The original Deepwater Horizon fire (Pic by Deepwater Horizon Response, via Flickr)

The Florida Department of Environmental Protection today announced it has completed a series of post-hurricane season beach inspections, as part of the response to the 2010 Deepwater Horizon oil spill.

The most recent inspections, completed on Jan. 14, were conducted to assure that no additional oil impacts occurred as a result of storms passing through the Gulf of Mexico during the 2011 Atlantic hurricane season.

After consulting with each affected state, the U.S. Coast Guard ordered that more than 300 miles of previously cleaned or never-oiled shoreline be re-inspected. Across the Gulf states, 320 miles of shoreline were selected for post-hurricane season shoreline inspections.

According to the state Department of Environmental Protection, in Florida, 33 personnel inspected approximately 39 miles of shoreline and found that 1.75 miles were still impacted by tarballs. After the tarballs were collected and the shorelines were re-inspected, approximately one quarter of a mile of beach was recommended for continued cleanup, while the remaining 38.75 miles of shoreline met standards upon re-inspection.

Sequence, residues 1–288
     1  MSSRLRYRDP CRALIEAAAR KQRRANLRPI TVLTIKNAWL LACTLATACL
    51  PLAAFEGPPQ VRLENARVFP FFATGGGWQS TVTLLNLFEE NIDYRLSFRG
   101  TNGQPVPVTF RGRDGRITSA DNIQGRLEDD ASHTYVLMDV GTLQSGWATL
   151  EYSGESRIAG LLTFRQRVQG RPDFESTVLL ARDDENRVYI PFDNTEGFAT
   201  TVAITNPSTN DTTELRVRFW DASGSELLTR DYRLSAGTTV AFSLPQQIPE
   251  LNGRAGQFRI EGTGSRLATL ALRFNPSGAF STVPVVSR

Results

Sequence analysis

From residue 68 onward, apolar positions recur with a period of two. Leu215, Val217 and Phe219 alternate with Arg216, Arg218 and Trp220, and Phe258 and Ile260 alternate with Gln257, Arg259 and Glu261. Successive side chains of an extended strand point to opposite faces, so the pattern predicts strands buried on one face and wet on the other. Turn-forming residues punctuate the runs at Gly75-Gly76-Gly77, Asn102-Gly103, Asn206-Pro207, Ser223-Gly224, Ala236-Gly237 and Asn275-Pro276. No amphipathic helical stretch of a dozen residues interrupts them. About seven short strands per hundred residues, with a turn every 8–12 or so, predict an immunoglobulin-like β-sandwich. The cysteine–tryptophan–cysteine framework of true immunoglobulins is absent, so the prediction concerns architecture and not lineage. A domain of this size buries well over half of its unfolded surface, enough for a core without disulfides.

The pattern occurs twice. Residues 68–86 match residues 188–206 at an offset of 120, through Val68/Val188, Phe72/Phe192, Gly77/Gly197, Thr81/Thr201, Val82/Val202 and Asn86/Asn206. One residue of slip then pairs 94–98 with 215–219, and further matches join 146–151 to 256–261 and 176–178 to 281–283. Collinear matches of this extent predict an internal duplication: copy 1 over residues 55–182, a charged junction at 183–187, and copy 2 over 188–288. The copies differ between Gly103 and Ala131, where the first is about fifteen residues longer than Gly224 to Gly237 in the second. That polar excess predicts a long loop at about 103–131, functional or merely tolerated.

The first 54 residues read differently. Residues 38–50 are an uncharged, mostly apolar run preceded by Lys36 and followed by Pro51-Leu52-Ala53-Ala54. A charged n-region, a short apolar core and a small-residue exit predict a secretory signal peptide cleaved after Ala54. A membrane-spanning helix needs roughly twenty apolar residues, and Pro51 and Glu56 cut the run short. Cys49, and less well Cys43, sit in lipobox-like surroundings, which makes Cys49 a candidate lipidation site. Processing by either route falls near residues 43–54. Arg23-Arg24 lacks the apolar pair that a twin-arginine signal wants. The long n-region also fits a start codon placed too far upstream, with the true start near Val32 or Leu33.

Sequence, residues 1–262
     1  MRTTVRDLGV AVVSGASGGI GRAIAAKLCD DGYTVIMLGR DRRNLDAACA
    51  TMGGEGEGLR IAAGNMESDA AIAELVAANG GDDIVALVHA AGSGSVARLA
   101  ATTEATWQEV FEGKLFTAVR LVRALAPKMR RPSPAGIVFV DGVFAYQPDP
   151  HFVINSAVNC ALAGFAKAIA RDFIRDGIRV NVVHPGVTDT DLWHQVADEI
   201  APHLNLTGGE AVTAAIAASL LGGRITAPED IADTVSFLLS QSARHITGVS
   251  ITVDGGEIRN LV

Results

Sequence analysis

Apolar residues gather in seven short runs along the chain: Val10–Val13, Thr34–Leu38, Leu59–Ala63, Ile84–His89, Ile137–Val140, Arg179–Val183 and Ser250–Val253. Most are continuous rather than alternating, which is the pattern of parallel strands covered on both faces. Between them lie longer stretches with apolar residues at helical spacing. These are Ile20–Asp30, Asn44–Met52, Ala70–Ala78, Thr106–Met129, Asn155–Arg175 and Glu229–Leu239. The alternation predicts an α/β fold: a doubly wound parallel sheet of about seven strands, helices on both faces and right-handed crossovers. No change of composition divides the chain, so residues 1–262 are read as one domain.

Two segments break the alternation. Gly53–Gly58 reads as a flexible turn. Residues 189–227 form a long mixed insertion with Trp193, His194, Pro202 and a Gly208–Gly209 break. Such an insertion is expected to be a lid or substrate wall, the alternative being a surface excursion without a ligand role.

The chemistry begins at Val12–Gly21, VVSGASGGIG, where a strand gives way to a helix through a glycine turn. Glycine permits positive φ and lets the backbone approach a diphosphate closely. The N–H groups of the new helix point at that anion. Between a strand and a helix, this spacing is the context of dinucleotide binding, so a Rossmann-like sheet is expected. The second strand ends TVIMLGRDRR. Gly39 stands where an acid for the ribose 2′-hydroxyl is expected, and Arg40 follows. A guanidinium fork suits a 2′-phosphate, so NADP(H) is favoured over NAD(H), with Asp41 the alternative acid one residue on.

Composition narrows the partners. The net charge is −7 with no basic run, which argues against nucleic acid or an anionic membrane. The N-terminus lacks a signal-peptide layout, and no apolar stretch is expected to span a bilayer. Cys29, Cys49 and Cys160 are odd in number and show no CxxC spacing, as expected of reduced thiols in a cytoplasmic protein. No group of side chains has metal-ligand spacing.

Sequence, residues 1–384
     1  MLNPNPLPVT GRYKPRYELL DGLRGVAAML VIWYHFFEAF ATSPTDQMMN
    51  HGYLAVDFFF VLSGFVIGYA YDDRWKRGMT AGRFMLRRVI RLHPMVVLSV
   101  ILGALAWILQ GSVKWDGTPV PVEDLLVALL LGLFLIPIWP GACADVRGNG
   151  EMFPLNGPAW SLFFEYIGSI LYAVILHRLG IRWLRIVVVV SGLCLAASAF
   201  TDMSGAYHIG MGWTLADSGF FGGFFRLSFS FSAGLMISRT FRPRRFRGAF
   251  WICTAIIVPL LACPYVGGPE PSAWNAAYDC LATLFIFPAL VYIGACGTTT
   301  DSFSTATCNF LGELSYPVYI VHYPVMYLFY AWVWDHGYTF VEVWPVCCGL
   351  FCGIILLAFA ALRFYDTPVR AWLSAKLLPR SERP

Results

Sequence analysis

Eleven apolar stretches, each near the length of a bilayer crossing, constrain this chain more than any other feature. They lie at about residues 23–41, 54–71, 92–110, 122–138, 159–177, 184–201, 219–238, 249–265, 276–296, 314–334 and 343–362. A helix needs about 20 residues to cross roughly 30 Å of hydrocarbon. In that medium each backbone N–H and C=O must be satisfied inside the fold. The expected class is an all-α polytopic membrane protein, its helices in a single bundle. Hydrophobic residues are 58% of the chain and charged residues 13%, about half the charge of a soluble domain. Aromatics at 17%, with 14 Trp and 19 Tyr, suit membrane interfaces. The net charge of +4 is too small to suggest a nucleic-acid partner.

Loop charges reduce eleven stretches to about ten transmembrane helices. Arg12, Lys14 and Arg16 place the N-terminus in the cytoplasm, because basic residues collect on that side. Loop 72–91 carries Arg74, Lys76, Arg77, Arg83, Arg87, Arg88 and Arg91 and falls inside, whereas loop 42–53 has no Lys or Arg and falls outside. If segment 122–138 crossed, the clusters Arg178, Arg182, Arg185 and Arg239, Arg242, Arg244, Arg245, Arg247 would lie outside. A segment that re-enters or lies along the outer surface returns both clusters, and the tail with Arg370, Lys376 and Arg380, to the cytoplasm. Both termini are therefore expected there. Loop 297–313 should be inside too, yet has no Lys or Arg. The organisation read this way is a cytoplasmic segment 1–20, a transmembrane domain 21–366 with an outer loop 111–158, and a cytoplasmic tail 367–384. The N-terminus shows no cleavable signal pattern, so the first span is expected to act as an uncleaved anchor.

“Florida’s response team is committed to ensuring our shorelines and beaches are clean and remain free from oil,” said department Secretary Herschel Vinyard in a press release. “We will continue to work diligently with BP, the Coast Guard, the federal trustees and our fellow Gulf States on these important response efforts.”

The 2010 BP Deepwater Horizon disaster killed 11 workers and sent more than 200 million gallons of oil into the gulf, leading to the largest oil spill in U.S. history.

A recent report issued by The National Academy of Engineering, a government-created nonprofit, concluded that the lack of regulation and ineffective safety management practices that led to BP’s catastrophic oil spill in the Gulf of Mexico have not been fully remedied — leaving communities in Florida, Alabama, Mississippi, Texas and Louisiana potentially vulnerable to another spill.

Despite concerns with regulatory oversight, the U.S. Department of the Interior announced last week that it will begin selling leases to allow offshore oil drilling in 38 million acres in the central Gulf of Mexico.

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